James T. Jenkins

- School of Civil and Environmental Engineering, Cornell University, Ithaca, USA -

Title : Fluid-Particle Flow at and near a Particle Bed

We describe continuum models for the interaction of particles at and near a horizontal particle bed, under a turbulent shearing flow of a liquid.. We focus on situations that are steady and uniform in the flow direction. The particles are subject to gravity and the drag of the liquid above bed; they also experience fluid-mitigated collisions with particles of the bed and, perhaps, similar collisions with particles above the bed.

For modest strengths of shearing flow, a dilute cloud of saltating (jumping) particles above the bed exchange momentum with the fluid and collide with and rebound from particles of the bed. Because the cloud is dilute, regions of the bed subject to collisions are able to relax between collisions. 

As the strength of the turbulent shearing above the bed increases, the momentum transfer between the fluid and particles above the bed is augmented by collisions between particles, and regions of the bed that experience a collision are not able to relax between collisions.

With further increases in shearing strength, a dense cloud of colliding particles forms beneath a more dilute cloud of saltating and colliding particles over a bed that is agitated, with an agitation that diminishes into its interior.

We will introduce models for the flow and the bed in the limits of pure saltation and pure collision and discuss possible ways that the two extremes can be linked and/or combined to provide the transition from one to the other.

Eric Lajeunesse

- Institut de Physique du Globe de Paris, France -

Title : Shape, size and stability of alluvial rivers

Alluvial rivers build their bed with the sediment they carry. They obey Lacey's  law which states that the width of a river scales with the square root of its discharge.  This universal behavior suggests a common physical origin, but there is no consensus yet about what mechanism selects the size and shape of an alluvial river. Here we produce a small river in a laboratory experiment by pouring  a viscous fluid on a layer of plastic sediment (Figure). With time, this laminar river reaches a  steady-state geometry.  In the absence of sediment transport, the combination  of gravity and flow-induced stress maintains the bed surface at the threshold of motion.

If we impose a sediment discharge, the river adjusts  by widening its channel. Particle tracking then reveals that the grains entrained by the flow behave as a collection of random walkers. Accordingly, they diffuse towards the less active areas of the bed.  The shape of the river's cross-section results from the balance between this diffusive flux, which pushes the entrained grains towards the banks, and  gravity, which returns them towards the center of the channel.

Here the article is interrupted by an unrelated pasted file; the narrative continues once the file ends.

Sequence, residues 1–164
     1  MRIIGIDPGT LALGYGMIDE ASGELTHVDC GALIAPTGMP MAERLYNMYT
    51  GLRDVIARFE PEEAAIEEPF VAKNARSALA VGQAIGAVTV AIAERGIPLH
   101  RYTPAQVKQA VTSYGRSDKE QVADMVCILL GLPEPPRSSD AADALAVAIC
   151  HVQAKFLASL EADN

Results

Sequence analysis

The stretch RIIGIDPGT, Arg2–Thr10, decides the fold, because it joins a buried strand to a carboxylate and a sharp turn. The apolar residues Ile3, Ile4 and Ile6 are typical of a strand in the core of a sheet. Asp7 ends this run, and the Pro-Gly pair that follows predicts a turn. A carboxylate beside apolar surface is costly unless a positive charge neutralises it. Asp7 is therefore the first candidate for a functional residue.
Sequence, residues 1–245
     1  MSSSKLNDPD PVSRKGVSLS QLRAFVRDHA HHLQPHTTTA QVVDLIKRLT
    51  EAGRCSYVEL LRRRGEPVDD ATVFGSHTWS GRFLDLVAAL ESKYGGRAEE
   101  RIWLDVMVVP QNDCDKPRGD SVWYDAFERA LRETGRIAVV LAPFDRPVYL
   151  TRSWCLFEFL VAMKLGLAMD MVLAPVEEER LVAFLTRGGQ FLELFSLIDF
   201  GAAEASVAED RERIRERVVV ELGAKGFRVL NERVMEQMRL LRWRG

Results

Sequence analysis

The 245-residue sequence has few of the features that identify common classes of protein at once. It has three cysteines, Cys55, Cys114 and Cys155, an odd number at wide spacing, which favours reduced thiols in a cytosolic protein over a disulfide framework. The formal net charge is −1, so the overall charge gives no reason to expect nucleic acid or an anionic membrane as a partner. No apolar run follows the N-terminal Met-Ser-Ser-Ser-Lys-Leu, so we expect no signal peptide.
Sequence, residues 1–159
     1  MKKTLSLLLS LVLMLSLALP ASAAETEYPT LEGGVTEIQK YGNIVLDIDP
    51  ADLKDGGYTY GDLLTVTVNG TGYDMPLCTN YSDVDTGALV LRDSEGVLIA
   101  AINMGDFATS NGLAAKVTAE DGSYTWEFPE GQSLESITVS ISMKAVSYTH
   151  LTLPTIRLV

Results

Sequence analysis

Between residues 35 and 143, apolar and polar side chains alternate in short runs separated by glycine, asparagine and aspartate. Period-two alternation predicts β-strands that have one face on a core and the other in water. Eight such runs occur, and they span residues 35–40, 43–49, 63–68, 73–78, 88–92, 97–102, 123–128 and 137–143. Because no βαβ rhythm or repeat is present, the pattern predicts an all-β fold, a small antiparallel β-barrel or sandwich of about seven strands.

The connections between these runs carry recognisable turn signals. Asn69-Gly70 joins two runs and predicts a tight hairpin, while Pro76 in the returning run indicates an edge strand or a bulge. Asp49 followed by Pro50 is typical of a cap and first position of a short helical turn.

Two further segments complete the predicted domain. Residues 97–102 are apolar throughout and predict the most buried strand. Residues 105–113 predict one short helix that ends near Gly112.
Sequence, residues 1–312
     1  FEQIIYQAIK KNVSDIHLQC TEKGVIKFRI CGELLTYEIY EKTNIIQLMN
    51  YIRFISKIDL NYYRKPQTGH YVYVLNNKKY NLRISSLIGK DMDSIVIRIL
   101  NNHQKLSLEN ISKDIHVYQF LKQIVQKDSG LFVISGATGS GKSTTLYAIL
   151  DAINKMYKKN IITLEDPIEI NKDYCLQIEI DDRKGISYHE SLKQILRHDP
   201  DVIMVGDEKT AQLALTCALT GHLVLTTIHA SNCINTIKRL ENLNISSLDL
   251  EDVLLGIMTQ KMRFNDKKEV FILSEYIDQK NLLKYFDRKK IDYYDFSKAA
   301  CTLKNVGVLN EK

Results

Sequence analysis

As the sediment discharge increases, the channel gets wider and shallower.  Eventually, it  destabilizes  into new channels. A linear stability analysis suggests that  the diffusion of the sediment   causes this instability, which could explain the formation of braided rivers.

Jim McElwaine

- Department of Earth Sciences, Durham University, UK -

- Planetary Science Institute, Tucson, USA -

Title : Particle-Fluid Flows on Earth and Mars

Powder snow avalanches, turbidity currents, debris flows, and pyroclastic flows are all examples of Terrestrial geophysical flows with a strong coupling between particles and a fluid. The particles are suspended by turbulence and the excess weight of the mixture drives the flow down or along a slope. Similar flows have now been directly observed on Mars and there is indirect evidence on other planetary bodies. Observations of dune gullies and recurring slope lineae on Mars are evidence for entirely new classes of flows. There is controversy about the flow mechanisms but they are possible caused by carbon dioxide sublimation and thermo-diffusion, respectively. To understand these observations physics based models that can be correctly scaled to very different temperatures, pressure and gravitational fields are necessary.  We describe several such models and how they can be tested and developed using a combination of direct numerical simulation, laboratory experiments and field observations.

Olivier Pouliquen

- IUSTI/CNRS, Marseille, France -

Title : Complex suspensions

Adding rigid particles in a fluid is known to change its properties, which might be a strategy to control the behavior  of complex fluids. However, despite its long research history and its practical relevance both in industrial applications and in geophysical problems, the mechanics of  suspensions in the dense regime remains poorly understood. In this talk, we will first discuss results obtained for suspensions of rigid spheres and rigid fibers in a newtonian fluid, with a special attention to the very dense regime close to the jamming transition. The investigation of this extreme regime has been made possible thanks to the development of a « pressure imposed rheometer ». We will then present the case of suspensions in a yield stress fluid, showing how empirical constitutive laws can be proposed from the knowledge of the rheology of newtonian suspensions. Finally, experiments on the rheology of a suspension in cornstarch  will be presented, with a special interest on how the discontinuous shear thickening transition is modified by the presence of rigid coarse particles.